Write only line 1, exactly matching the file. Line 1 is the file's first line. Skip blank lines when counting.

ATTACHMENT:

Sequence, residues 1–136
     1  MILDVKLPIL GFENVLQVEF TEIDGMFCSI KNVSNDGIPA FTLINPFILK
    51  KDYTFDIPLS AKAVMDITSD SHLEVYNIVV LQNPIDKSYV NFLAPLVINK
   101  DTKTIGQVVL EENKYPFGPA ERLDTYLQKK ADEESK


Sequence, residues 1–136